by Donato Pompo, CTC, CSI, CDT, MBA, ITS
Located in the Los Angeles community of Playa Vista, the Brickyard Campus comprises two, five-story buildings of 27,870 m2 (300,000 sf) and 9290 m2 (100,000 sf) each. Completed in 2017, the two structures are clad with 10,219 m2 (110,000 sf) of thin brick with a white engobe coating. Quality assurance (QA) testing was performed on mockups and during the installation. A quality control (QC) Program was also implemented during the installation. These helped the project team avoid delays and installation problems.
Designed by Michael Maltzan Architecture and Gensler, the Brickyard Campus was developed by Tishman Speyer. Hathaway Dinwiddle was the general contractor (GC). Premier Tile & Marble carried out the installation and this author was the thin brick veneer consultant. Simpson Gumpertz & Heger was the building material engineer consultant.
The Brickyard project was unique in many ways. It had the stark, white thin brick façade, several window sizes and shapes, and a contemporary design (Figure 1).
Bricks sized 92 x 297 x 20 mm (3 5/8 x 11 5/8 x 3/4 in.) were installed with an adhered application over steel studs, sheathing, moisture barrier, lath, scratch, and brown plaster assembly. A liquid-applied waterproof/crack isolation membrane meeting the American National Standards Institute (ANSI) A118.10, American National Standard Specifications for Load Bearing, Bonded, Waterproof Membranes for Thin-set Ceramic Tile and Dimension Stone Installation/A118.12, American National Standard Specifications for Crack Isolation Membranes for Thin-Set Ceramic Tile and Dimension Stone Installation, was sprayed over the plaster base. The thin bricks were adhered with a thin-set mortar adhesive compliant with ANSI A118.15, American National Standard Specifications for Improved Modified Dry-Set Cement Mortar, and grouted with a high-performance cementitious grout as per ANSI A118.7, American National Standard Specifications for High Performance Cement Grouts for Tile Installation. Movement joints were installed extensively over closed-cell polyethylene (PE) foam backup strips using a silicone sealant compliant with ASTM C920, Standard Specification for Elastomeric Joint Sealants (Figure 2).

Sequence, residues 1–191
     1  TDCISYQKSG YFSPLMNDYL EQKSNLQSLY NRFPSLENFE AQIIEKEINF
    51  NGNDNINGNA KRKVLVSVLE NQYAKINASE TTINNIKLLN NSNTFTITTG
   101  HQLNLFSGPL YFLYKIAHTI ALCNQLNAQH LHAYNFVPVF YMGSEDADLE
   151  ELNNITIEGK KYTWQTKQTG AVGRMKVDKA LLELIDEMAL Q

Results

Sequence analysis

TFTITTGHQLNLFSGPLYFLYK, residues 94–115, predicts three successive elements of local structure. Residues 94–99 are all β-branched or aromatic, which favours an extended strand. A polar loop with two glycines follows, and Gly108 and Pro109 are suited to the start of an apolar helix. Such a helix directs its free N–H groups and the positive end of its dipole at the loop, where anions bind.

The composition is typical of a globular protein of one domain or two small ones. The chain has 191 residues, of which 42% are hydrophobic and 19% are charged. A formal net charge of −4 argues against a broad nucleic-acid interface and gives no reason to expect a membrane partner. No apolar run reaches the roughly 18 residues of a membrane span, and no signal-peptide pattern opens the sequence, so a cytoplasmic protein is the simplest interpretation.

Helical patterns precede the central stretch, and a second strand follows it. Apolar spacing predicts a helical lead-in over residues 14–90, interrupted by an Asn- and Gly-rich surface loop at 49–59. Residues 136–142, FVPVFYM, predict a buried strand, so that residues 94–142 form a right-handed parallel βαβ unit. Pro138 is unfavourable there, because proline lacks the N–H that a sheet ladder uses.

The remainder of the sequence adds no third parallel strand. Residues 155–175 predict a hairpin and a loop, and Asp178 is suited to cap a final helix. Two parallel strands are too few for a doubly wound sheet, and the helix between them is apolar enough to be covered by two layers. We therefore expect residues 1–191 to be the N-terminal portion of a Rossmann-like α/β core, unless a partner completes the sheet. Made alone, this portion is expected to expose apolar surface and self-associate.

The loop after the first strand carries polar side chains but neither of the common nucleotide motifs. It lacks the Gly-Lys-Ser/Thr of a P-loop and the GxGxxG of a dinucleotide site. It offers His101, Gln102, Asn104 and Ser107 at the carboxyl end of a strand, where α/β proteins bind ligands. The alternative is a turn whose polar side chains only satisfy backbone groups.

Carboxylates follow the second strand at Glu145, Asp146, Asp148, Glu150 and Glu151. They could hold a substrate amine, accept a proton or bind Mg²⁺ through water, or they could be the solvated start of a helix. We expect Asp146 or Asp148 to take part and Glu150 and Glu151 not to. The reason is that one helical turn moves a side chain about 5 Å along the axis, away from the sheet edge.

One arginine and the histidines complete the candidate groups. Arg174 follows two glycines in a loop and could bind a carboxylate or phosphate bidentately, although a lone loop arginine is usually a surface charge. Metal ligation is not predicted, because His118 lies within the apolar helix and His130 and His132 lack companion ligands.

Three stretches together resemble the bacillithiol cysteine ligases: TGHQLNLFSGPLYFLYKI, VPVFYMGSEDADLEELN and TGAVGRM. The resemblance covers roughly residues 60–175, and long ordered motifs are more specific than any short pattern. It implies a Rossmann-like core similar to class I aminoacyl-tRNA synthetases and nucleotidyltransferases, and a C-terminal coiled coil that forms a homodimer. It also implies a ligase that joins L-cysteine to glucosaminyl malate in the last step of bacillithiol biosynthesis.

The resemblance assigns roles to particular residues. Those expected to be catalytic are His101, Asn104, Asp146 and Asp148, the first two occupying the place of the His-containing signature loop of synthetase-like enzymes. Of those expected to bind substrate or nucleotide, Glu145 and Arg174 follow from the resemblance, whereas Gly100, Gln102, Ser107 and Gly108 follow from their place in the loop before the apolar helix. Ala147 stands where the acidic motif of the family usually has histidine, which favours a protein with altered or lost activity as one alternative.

In this author’s experience, the key to a successful specification and installation is to follow MasterFormat and industry standards. MasterFormat offers a structure to provide installers and the responsible oversight parties complete, concise, correct, and clear instructions for a successful installation of the product or system for the intended application. Of course, this depends on the specifier fully utilizing this format and vetting the respective methods, products, and standards. This author has often seen incomplete specifications, as a result of cutting and pasting from other specifications rather than performing the due diligence, thereby causing confusion, potential problems, and misuse of products.
Further, members of the construction team often do not know all the standards and are therefore unequipped to avoid the potential problems that could be encountered in their scope of work. An expert consultant could offer the knowledge, experience, and insight needed to ensure a successful installation.
In this author’s experience, a critical part of MasterFormat often overlooked or not budgeted for are the QA and QC sections. QA can be used to verify:
- suitability of products and methods for the intended use;
- installers have the necessary experience and qualifications; and
- products perform as specified.